New Zealand Cartoons

About this guide

Use this guide to get an introduction to the Cartoon Archive collection, as well as

  • important information about born-digital cartoons
  • how to search for cartoons on this site
  • other sources for cartoon research
  • how to view cartoons
  • how to use cartoons and order copies.
The cartoon shows a series of people with dangerous jobs. Cartoonists have joined the ranks of sword swallowers and bomb defusers since a series of Danish cartoons were published which have sparked demonstrations and threats to the cartoonists' lives.
“Dangerous”, Allan Charles Hawkey, 8 February, 2006. Ref: DCDL-0000757.

What is the Cartoon Archive collection?

The New Zealand Cartoon Archive includes over 50,000 cartoons reflecting New Zealand society and politics. It contains cartoons and caricatures from the 19th century to the present.

The New Zealand Cartoon Archive is contained within the Alexander Turnbull Library’s Drawings, Paintings and Prints collection.

Why use cartoons?

Recent scholarship has emphasised the ways cartoons offer insights into a given time period, including both wider themes, such as the portrayal of Māori, and more specific events, such as the Christchurch earthquakes.

Cartoons often sum up complex issues in a single striking image, and are even collected by many of the politicians they lampoon. Cartoons are also studied by art historians, who can be interested in their graphic qualities, material processes and systems of distribution.

In New Zealand, Ian F. Grant and others have used cartoons to outline the country’s political and social history. See, for instance, Grant’s Between the lines: a cartoon history of New Zealand political and social history 1906-2005 (2005) and Sarah Murray’s A cartoon war (2012).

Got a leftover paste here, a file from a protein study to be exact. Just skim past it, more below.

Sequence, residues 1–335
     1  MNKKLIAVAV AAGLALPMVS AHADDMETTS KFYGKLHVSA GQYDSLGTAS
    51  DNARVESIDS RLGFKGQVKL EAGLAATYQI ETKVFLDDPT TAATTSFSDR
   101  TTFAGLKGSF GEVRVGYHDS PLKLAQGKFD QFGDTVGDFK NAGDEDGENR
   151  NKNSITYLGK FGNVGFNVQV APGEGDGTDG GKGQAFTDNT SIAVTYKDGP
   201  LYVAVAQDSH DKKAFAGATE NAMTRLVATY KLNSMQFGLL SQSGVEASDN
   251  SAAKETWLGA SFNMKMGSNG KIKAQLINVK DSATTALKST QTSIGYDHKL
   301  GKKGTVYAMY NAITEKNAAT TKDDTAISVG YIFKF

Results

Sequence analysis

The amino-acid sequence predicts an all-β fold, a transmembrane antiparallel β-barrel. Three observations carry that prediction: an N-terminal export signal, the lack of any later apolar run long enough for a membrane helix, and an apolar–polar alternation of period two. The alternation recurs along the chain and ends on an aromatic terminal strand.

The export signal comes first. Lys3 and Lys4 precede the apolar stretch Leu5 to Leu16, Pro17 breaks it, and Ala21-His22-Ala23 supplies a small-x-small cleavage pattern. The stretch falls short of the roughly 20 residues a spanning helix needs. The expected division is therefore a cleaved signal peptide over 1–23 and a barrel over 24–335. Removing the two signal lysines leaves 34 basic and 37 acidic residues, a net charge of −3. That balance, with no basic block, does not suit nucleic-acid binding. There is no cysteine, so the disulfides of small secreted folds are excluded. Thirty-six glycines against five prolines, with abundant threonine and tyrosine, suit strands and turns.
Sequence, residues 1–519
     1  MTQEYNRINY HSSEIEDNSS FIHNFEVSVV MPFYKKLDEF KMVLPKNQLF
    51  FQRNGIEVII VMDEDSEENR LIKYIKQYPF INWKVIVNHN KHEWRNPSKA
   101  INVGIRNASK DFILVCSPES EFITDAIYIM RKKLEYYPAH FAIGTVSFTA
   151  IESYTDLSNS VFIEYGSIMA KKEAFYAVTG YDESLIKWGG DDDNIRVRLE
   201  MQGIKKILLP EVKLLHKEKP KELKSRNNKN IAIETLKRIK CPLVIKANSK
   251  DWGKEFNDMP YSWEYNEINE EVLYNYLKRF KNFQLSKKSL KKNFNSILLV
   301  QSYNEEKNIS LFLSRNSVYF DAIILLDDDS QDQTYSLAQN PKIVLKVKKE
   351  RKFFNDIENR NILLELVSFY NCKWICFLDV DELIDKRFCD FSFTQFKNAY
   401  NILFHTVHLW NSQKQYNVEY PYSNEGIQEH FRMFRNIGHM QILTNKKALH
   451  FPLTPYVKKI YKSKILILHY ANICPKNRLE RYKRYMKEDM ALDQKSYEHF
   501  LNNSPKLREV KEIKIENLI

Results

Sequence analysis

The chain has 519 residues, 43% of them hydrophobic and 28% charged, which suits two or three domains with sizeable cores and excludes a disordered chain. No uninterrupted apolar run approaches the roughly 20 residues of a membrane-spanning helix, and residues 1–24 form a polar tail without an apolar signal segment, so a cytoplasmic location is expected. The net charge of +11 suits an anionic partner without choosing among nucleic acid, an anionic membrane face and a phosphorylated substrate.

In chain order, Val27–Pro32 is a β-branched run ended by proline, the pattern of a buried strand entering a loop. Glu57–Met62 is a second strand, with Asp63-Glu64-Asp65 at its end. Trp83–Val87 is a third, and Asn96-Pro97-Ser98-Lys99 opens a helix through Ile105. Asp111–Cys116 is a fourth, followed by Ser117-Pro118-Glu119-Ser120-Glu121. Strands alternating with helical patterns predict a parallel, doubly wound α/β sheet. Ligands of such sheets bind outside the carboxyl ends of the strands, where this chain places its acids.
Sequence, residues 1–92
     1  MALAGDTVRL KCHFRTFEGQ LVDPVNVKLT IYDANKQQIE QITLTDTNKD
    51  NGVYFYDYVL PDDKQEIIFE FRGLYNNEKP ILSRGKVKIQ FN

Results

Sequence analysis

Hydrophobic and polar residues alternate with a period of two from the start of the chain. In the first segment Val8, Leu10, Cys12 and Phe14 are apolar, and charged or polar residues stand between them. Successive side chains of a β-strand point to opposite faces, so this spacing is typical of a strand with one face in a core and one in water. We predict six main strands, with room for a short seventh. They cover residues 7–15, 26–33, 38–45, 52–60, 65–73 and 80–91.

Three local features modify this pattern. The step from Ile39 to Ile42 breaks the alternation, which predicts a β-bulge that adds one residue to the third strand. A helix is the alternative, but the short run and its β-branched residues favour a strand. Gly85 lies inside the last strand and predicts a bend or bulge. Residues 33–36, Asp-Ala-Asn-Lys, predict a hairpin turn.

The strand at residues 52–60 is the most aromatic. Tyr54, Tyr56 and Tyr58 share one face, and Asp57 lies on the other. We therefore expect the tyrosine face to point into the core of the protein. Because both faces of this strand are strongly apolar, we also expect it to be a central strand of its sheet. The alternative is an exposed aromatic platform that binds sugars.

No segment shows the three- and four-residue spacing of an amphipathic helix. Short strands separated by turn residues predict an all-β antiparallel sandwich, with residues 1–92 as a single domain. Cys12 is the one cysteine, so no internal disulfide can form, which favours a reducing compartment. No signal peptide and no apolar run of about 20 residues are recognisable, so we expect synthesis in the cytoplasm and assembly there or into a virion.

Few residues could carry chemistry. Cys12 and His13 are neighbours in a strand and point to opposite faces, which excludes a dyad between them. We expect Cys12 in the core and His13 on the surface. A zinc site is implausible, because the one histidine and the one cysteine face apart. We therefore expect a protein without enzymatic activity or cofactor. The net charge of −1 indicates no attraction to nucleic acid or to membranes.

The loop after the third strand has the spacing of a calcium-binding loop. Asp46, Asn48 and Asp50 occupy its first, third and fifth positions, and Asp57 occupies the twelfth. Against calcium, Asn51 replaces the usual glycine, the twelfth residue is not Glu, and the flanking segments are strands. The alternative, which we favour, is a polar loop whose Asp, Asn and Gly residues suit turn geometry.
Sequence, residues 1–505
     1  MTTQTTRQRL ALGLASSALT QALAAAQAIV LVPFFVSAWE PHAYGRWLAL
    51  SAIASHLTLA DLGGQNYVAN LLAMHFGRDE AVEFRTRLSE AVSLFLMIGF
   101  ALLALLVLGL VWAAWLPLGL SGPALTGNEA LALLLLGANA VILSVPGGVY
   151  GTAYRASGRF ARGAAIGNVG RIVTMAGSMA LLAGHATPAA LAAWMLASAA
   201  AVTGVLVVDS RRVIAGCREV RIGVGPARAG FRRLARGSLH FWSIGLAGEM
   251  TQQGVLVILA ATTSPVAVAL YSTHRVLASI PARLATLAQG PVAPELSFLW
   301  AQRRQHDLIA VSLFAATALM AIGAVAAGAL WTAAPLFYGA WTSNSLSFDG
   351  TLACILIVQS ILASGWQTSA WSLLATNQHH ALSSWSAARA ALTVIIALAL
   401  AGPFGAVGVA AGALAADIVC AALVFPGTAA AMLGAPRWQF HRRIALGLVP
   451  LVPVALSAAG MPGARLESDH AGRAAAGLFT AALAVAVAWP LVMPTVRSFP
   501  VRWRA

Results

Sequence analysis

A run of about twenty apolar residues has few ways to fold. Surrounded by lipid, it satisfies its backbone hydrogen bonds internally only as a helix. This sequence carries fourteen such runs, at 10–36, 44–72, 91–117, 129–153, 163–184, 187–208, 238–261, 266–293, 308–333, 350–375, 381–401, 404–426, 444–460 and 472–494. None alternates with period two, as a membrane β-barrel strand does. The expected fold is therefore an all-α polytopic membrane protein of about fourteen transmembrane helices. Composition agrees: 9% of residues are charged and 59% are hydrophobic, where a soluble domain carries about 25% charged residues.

What formats does the Archive contain?

The Archive includes original cartoon drawings from the 20th and 21st centuries by cartoonists like Nevile Lodge, Eric Heath and Peter Bromhead. It also includes many reproductions and newspaper clippings of 20th-century cartoons.

Since the early 2000s, the Cartoon Archive has also collected born-digital cartoons, receiving several hundred cartoons each month.

Shows a dog labelled public wearing a pet cone (colloquially known as a 'cone of shame') under the title 'The truth is hard to get at'. Refers to the revelations and allegations leading up to the 2014 General Election, especially the revelations of so-called dirty politics and various cover-ups around those issues.
"Dog Beehive", Sharon Murdoch, 17 September 2014. Ref: DCDL-0030121.

How to search for cartoons

Start a search from the Cartoon Archive page, and you’ll restrict your results to this collection.

Otherwise, enter a search term in the main search box, and add the word ‘cartoon’ to this.

From the results page, you can narrow them down using filters on the left-hand side of the screen. The filters include ‘Date’, ‘Type’ and ‘Subject’, as well as whether or not they are ‘online’ or ‘physical’ items. Online items are either born-digital or have been digitised, and can be viewed on the website.

Search results page for 'christchurch earthquake cartoon', showing collection items, and filters that can be used to narrow down results by format and date.

Cartoons by specific cartoonists